Elaine Roberts Asks “Can Anyone Write A Novel”?
When I tell anyone I’m trying to write a novel, the response is nearly always the same. The first one is “I could write a book”. My response is to smile and give words of encouragement. I talk about attending creative writing classes, joining a writing group and writing associations like the Romantic Novelists Association (RNA) New Writers Scheme for guidance and encouragement. After I have given my encouragement the conversation usually ends with something along the lines of “Maybe one day, I don’t have the time right now”.
The second and most popular one is “When’s your best seller coming out?” To which I often smile and say something polite and self-effacing but in my head I think, “If I was learning to play the piano, no one would suddenly expect me to become a concert pianist”.
Staring at the blank computer screen, I’m looking for inspiration, intermittently glancing down at the keyboard, panic is starting to set in. “What am I going to write?” my mind is as blank as the white page on the screen in front of me. “Oh God, I can’t do it any more, I’ve lost the ability to write a story!” This scene is familiar; it’s how nearly every writing session starts for me.
Sometimes, if I’m lucky, I can read back over the last couple of paragraphs and that will inspire me to carry on writing. However, what usually happens is that I start editing what I have previously written and when I do that, I never seem to move past the first chapter, because I’m forever rewriting it. Personally, when I’m trying to get started, it helps me to write a couple of lines about a character or scene. It doesn’t have to be correct, just something to kick start my imagination and when I’ve finished I inevitably end up deleting those first few lines. A similar thing happens if I say I’m going to try and write 500 words, it’s amazing how the time speeds by and a few hours later, I will have written a few thousand words.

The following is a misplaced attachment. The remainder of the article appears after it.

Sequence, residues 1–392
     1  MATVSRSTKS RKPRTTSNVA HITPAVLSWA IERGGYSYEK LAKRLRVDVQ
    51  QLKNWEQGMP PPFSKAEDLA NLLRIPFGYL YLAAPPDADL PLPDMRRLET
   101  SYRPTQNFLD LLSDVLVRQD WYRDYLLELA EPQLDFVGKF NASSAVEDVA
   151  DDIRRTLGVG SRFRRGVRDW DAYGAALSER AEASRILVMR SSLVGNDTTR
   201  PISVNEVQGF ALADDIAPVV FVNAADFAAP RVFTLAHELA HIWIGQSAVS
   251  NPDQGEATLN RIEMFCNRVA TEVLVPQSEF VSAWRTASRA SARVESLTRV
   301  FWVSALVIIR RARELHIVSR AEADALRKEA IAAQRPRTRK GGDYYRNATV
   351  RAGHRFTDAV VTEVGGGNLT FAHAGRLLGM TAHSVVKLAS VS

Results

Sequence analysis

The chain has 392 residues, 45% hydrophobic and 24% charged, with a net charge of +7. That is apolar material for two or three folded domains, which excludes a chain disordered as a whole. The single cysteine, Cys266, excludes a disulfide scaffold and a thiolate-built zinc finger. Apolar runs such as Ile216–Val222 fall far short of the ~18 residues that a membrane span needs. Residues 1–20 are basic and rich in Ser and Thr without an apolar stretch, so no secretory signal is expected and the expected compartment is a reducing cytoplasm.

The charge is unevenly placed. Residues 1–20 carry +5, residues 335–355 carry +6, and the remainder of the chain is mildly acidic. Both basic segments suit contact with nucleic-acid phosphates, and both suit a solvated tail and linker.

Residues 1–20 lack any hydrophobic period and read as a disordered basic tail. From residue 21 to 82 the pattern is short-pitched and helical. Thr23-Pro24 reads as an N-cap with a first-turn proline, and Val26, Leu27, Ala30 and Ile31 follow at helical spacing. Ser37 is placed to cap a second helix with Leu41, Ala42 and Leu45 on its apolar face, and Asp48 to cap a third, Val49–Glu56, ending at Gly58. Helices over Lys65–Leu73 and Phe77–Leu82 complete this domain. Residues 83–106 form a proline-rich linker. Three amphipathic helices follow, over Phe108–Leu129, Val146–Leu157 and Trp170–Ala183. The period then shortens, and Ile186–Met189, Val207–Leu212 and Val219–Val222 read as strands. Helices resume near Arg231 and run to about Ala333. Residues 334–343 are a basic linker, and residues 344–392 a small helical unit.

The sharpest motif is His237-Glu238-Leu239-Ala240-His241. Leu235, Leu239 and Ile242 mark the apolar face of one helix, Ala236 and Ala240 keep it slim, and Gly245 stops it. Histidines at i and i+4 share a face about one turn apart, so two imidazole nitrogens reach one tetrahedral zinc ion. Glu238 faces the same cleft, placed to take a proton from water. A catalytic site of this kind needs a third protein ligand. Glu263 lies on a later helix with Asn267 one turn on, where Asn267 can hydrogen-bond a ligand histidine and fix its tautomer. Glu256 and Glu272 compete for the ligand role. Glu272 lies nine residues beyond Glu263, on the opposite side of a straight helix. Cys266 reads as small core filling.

When I plan my work properly, I will have a scene/chapter plan, which will have ideas of what I’m trying to achieve with this scene and what I want to include, this will include the senses, weather and clothing being worn, I have been known to forget to dress my characters. All of this kick starts the thinking process.
Will I ever be the writing equivalent of the concert pianist? Probably not, but I like to think I started off as the Eric Morecombe style pianist, having all the right notes but not necessarily playing them in the right order. But hoping I can aspire to be the writing equivalent of Elton John, maybe.
So the question was, can anyone write a novel?
I believe anyone can, who is prepared to listen, take advice and exercise patience and perseverance, but above all else, be able to exercise their imagination muscle. It takes time and hard work but if you are like me writing is an irresistible pull, just like the chocolate sitting in the fridge calling me.